We also used the Non-Interactive Protocol’s CPFP mechanism to confirm our CET which again, used 50 sats/vbyte so that Roman broadcasted a child transaction to cover the fees.

In the end, our oracle broadcasted signatures corresponding to the outcome $23,427/BTC and you will notice that in our CET, Roman’s payout is 0.000974 BTC corresponding to (23,427 * 0.000974) =$22.82 which is within our rounding agreement (of 100 sats = $0.023) of his initial dollar amount of$22.80!

As was mentioned in our last post, in the near future there will be support for threshold oracle schemes, such as using 2 of 3 oracles to execute a CFD. I am currently working on a proposal for how this should be done, which will be released on the specification repository very soon!

A more long-term, but still very important, additional improvement is support for DLCFDs on the Lightning Network. On-chain CFDs are fully supported by our current code, but they only really make economic sense today for larger amounts due to high fees. Not only will Lightning DLCFDs allow contract execution to be virtually fee-less with near-instant confirmation, but Lightning DLCFDs can even be used to enable trustless version of Rainbow-esque synthetic assets in channels which are liquid (i.e. spendable)!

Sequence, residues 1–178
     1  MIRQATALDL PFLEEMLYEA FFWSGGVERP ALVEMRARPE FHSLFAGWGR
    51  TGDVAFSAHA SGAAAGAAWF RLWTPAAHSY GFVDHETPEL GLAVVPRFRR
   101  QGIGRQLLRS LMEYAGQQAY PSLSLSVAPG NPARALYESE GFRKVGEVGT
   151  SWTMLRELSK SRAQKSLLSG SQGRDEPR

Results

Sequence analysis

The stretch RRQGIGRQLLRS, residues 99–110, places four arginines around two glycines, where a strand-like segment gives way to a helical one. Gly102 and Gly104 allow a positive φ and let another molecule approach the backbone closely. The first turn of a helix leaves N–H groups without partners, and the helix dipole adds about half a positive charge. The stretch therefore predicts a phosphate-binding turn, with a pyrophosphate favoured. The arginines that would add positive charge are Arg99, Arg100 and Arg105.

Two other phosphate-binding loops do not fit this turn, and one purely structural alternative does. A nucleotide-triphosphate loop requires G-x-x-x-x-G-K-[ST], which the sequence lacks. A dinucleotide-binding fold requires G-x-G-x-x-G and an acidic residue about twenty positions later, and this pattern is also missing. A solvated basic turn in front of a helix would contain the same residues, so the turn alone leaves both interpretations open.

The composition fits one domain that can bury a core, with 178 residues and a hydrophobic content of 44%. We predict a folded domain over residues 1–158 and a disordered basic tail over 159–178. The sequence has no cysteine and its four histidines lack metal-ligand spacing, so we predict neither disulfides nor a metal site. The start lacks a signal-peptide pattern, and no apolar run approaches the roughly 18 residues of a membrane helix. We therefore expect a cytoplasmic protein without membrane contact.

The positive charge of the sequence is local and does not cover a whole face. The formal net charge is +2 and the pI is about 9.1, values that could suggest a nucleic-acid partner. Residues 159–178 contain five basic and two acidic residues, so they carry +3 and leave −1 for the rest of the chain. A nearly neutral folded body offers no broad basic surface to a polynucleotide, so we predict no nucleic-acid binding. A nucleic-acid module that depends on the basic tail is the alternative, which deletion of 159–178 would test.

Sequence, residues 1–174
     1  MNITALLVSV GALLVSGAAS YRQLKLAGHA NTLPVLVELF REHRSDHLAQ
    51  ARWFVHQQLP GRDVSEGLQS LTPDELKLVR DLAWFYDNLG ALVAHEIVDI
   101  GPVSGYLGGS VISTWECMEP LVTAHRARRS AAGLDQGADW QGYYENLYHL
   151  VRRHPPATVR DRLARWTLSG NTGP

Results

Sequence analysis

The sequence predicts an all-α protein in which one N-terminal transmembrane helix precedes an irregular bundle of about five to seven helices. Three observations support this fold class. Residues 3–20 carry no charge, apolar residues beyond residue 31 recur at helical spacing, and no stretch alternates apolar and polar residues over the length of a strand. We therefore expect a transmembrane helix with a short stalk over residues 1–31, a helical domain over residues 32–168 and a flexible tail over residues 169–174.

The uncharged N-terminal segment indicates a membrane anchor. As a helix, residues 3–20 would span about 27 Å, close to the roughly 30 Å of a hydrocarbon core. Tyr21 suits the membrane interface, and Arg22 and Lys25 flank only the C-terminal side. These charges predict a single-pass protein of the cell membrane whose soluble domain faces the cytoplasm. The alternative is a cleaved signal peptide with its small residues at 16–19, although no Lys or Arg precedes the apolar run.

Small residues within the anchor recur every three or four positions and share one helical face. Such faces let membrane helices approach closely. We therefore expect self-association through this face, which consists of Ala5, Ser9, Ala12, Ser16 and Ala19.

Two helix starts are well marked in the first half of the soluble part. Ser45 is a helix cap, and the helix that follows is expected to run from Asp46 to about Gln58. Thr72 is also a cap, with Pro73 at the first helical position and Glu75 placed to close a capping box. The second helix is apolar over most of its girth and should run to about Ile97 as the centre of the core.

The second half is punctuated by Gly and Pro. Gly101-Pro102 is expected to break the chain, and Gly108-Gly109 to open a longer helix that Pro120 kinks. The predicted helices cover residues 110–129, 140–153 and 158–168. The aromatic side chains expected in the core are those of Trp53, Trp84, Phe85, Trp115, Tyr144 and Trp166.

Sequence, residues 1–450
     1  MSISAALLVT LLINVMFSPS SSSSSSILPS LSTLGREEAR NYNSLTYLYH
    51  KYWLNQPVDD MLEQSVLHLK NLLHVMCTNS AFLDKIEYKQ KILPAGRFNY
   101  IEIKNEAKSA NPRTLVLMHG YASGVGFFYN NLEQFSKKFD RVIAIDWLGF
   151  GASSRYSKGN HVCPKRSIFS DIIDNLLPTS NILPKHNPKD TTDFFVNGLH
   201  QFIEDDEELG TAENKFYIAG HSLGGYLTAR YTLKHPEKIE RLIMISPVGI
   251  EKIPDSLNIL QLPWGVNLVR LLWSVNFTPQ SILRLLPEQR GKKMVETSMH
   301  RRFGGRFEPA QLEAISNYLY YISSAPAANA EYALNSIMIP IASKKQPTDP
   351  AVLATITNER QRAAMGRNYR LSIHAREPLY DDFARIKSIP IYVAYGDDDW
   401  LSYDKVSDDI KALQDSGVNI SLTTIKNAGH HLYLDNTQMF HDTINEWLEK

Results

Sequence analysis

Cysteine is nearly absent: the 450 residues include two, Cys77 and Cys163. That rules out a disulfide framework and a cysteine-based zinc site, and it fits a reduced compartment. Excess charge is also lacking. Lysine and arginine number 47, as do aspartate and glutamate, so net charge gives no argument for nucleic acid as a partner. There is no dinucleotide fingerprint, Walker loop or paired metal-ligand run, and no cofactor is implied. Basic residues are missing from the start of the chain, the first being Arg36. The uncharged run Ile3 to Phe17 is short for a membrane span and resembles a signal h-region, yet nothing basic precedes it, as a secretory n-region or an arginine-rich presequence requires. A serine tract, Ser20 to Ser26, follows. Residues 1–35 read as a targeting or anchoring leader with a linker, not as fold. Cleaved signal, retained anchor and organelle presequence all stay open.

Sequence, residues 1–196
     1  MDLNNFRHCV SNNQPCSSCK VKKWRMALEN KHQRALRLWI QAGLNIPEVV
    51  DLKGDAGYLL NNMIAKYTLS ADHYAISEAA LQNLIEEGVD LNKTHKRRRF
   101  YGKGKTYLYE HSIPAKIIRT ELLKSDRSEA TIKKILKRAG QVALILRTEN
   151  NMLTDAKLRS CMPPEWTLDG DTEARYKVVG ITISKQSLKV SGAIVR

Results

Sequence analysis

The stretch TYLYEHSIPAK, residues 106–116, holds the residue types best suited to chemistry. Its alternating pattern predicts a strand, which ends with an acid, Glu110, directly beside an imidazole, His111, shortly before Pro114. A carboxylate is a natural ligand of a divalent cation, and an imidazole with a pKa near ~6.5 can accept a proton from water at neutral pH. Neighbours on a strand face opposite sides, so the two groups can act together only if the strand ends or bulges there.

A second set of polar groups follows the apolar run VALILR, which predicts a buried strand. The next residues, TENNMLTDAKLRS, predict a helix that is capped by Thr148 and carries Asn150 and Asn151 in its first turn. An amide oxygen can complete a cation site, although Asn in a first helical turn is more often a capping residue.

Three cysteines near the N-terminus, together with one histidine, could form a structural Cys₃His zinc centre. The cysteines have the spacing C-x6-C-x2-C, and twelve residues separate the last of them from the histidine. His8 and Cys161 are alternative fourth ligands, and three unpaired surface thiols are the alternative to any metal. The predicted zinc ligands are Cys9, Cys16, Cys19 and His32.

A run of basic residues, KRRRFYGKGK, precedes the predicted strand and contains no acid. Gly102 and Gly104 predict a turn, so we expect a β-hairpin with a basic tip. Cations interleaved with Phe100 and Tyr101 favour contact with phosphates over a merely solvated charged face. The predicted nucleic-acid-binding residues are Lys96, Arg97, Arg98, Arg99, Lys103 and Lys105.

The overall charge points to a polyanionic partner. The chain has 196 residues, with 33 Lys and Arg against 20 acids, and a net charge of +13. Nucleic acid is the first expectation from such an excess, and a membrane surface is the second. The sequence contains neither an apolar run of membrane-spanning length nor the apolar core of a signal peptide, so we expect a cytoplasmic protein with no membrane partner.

Stay tuned for more updates and progress on Discreet Log Contract development and other cool stuff we’re working on at Suredbits!